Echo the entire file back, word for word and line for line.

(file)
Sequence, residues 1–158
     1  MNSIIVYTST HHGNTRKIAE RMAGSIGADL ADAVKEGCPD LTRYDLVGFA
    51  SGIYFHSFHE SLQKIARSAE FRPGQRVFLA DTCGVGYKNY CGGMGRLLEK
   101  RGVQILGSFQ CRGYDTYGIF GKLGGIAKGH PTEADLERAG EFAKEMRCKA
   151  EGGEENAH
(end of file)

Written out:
Sequence, residues 1–158
     1  MNSIIVYTST HHGNTRKIAE RMAGSIGADL ADAVKEGCPD LTRYDLVGFA
    51  SGIYFHSFHE SLQKIARSAE FRPGQRVFLA DTCGVGYKNY CGGMGRLLEK
   101  RGVQILGSFQ CRGYDTYGIF GKLGGIAKGH PTEADLERAG EFAKEMRCKA
   151  EGGEENAH